Oxyhaemoglobin dissociation curve

The curve consists of an X axis representing the percentage saturation of haemoglobin and a Y axis representing pO2. The sigmoid shape of the curve comprises: The loading region: oxygen-free molecules (deoxyhaemoglobin) are reluctant to take up the first oxygen molecule but their appetite for oxygen grows with the eating (Perutz).

Figure 8.1 Oxyhaemoglobin dissociation curve. (Hb, haemoglobin.)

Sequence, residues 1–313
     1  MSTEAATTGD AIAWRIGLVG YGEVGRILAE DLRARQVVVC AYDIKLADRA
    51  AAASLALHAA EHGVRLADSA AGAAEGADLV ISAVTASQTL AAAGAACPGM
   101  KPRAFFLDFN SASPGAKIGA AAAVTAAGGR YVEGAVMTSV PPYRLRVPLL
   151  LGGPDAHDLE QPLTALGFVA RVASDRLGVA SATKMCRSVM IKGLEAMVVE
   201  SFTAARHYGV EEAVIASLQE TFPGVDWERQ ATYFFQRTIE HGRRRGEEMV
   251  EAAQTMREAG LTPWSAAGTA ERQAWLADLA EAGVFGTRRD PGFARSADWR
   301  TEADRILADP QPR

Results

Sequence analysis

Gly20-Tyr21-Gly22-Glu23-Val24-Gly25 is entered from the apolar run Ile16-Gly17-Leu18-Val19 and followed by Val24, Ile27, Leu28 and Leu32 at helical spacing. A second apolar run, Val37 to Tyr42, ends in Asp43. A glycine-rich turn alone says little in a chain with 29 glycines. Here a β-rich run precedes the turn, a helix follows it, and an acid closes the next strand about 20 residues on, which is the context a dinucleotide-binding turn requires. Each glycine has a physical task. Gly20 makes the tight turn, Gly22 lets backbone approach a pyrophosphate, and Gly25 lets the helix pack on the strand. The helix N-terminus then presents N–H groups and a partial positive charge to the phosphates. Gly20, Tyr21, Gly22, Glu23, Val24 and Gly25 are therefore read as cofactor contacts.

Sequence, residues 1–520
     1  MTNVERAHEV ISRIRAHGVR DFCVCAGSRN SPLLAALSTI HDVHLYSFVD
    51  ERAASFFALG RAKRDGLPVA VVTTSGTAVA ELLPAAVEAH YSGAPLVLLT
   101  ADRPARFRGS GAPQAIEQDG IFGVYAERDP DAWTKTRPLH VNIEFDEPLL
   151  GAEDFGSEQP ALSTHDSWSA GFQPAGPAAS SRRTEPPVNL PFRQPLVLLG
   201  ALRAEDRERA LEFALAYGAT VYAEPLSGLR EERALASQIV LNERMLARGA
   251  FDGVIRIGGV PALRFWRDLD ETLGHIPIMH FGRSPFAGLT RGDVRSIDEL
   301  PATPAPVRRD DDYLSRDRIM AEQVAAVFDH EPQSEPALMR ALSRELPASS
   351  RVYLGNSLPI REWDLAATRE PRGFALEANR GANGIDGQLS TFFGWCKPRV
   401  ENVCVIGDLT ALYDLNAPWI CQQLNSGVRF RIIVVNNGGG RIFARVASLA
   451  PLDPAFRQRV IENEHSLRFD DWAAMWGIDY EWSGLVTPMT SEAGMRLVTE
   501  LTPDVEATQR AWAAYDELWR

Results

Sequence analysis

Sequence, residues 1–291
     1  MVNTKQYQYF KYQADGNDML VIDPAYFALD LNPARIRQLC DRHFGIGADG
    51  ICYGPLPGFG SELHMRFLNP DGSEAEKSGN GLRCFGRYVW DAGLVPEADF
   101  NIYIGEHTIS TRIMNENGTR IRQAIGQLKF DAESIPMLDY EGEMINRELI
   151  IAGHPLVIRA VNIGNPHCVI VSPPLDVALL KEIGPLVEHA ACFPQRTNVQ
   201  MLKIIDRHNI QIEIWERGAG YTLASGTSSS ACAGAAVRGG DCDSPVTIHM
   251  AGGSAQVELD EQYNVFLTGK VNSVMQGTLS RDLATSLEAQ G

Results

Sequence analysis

The flat region or plateau is observed above pO2 of about 10 kPa. The non-linearity of the dissociation curve allows optimisation of maximum oxygen diffusion in the lungs. Maximum arterial oxygen saturation is associated with maintenance of a nearly constant paO2 despite fluctuations in alveolar O2 tension. This provides a margin of safety as a fall in paO2 does not result in profound desaturation. The unloading region. The steep portion of the curve below a pO2 of about 10 kPa. Small falls in pO2 cause a large transfer of O2 to the tissues. This allows ready release of oxygen if the tissue oxygen consumption increases. The more pronounced the sigmoid shape of the equilibrium curve the greater the fraction of oxygen in the red cells that can be unloaded to the tissues. The sigmoid curve favours oxygen transport, allowing the saturation of haemoglobin in the lungs and deoxygenation in the capillaries.

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